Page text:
He issued a comprehensive refusal alongside Paul Koretz and David Ryu to even discuss the matching fund amendments with our neighborhood council government affairs committee.
So we called him Mr. Clean. Koretz finked out and will forever have ringing in his ears that "It is easy to raise $25,000" when you are friends with Zev Yaroslavsky and live in a district with high earners.
Ryu, who also made a faux effort to clean up City Hall while "mishandling" for Herb Wesson the impossibly corrupt Department of Neighborhood Empowerment, was eventually fired for cause by the people of CD4.
I graduated from the University of Michigan in 1985. Go Blue!
Safe Parking (at Will Rogers)
As discussed, parking and being in the public right of way can quickly become a hot button issue.
Where Whitey Bulger was the FBI's "strategist," Mike Bonin has emerged as the pointy tip of the Westside progressives' spear.
As his tenure as head of the Department of Transportation comes full circle, it's nice to reflect on his accomplishments.
He gets credit for mounting on vehicles multiple SharpX automated license plate recognition cameras -- each capable of reading and capturing “thousands of license plates per shift” -- day or night -- then checking the plates against a database in real time, with vehicle occupancy counts also being an option as well as ‘silent’ notifications of law enforcement when warrants are detected."
At the time he was putting bodies in the budget hearings as needed and brought out a huge crowd of "She says" advocates. It's very moving. Democracy with a fixed call time. Organized and ready to influence when asked, but then at night. . .
Bonin slips into his DOT laboratory with Seleta Reynolds and Mayor Garcetti and releases drones out to write tickets.
Studies through slicing and dicing how his treasured partners, the bicyclists, can get a very good deal. Hard to argue that Biker lives matter but what about pedestrians? Ah the memories.
Nobody has done more to restricted parking in Los Angeles than Mike Bonin. Though a dishonorable mention goes to Mitchell O'Farrell of CD13 for his order to pull out all the pom poms for his virtual commercial for Preferential Parking Districts.
O'Farrell: Preferential Parking districts are an option to explore. And you can work directly with your council office. They can do an evaluation and move forward. You can organize in your building and the direct vicinity with your neighbors especially if there are IMPACTS. . .wherein street availability is taken up by folks who don't live on the street. . .so a preferential parking district is something worth exploring. Believe me we are doing them all the time in the thirteenth district and you know it’s a mixed bag but by and large they serve the needs of the residents, as a priority. So that is something worth exploring, if you haven't done so already.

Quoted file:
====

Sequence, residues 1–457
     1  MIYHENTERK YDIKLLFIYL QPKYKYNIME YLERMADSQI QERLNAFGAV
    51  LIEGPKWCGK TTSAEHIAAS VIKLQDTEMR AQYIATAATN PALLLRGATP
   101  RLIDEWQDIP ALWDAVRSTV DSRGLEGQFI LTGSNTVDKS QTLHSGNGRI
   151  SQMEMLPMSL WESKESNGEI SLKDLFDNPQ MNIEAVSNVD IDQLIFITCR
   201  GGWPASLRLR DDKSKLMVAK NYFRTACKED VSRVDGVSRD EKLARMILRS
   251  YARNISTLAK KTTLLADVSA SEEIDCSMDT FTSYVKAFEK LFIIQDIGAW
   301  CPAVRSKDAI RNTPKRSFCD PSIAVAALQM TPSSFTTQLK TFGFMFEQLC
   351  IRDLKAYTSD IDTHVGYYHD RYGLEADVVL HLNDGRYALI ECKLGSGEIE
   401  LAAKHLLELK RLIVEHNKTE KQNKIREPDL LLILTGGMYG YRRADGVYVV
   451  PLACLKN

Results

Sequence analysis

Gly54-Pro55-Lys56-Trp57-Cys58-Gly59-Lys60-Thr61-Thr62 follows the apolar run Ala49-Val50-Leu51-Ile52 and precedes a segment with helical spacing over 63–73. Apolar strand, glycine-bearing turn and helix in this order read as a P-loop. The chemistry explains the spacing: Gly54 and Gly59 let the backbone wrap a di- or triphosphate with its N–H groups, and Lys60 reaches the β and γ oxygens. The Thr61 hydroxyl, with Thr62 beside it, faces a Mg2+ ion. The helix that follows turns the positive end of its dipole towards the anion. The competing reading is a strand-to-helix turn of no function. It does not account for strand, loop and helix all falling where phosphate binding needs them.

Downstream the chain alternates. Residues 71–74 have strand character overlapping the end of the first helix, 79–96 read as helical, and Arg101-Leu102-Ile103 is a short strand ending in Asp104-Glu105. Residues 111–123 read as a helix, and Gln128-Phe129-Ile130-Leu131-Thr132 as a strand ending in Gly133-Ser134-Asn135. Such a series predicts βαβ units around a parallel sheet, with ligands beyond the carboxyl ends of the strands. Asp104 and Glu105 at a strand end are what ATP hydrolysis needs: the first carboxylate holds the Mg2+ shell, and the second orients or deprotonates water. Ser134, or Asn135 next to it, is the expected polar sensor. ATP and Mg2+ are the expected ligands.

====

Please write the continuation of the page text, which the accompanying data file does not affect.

The Berlin Airlift and the Bonin Carlift!
Bonin starts every meeting with Seleta Reynolds, the General Manager of the Los Angeles Department of Transportation (LADOT), by presenting a verbal report relative to the Department's on-going activities.
And he goes out of his way to offer recognition for Department employees for outstanding service ticketing the public.
The use of parking permit districts by municipalities have been upheld through the Supreme Court since 1977: Arlington County Board v. Richards.
Ripe for a challenge or settled law is always a tough call. One thing was very clear, Mike Bonin was a believer.
Despite no coherent strategy -- because if you push every car out of one neighborhood, it will obviously land in an adjacent one -- Bonin will be remembered as Field Marshal committed to bringing the relief.
Like a modern-day General Lucius Dubignon Clay, The Great Uncompromiser -- a decedent of Henry Clay, the U.S. senator from Kentucky -- Bonin was beyond dedicated.
Clay orchestrated the Berlin Airlift (1948–1949) when the USSR blockaded West Berlin. Aircrews from the American, British, French, Canadian, Australian, New Zealand, and South African air forces flew over 200,000 sorties in one year, providing necessities such as fuel and an astonishingly high carbohydrate-loaded menu of relief food:
646 tons of flour and wheat, 3 tons of fresh yeast for baking, 180 tons of dehydrated potatoes,125 tons of cereal, with limited protein representing 109 tons of meat and fish, 64 tons of fat,10 tons of cheese.
A mere 11 tons of coffee, but airlifts can be really exhausting. It was a miraculous and filling accomplishment.
Bonin was bringing a different kind of relief.
He was bringing the diligent wiring up of every neighborhood in the city to prevent even the possibility of outsiders, no matter how need, from parking on the public roadway.